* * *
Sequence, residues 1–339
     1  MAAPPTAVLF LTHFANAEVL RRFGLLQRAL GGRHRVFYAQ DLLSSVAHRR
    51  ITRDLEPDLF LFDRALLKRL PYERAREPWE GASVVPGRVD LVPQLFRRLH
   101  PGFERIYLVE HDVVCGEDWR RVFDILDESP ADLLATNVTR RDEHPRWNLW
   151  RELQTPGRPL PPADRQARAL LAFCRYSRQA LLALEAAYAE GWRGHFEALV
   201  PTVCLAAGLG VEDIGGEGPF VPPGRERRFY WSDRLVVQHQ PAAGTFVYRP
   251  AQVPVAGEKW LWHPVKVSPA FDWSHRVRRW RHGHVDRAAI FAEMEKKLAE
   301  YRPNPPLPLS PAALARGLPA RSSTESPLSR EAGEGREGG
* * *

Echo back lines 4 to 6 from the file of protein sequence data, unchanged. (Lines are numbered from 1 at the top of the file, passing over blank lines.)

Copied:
   101  PGFERIYLVE HDVVCGEDWR RVFDILDESP ADLLATNVTR RDEHPRWNLW
   151  RELQTPGRPL PPADRQARAL LAFCRYSRQA LLALEAAYAE GWRGHFEALV
   201  PTVCLAAGLG VEDIGGEGPF VPPGRERRFY WSDRLVVQHQ PAAGTFVYRP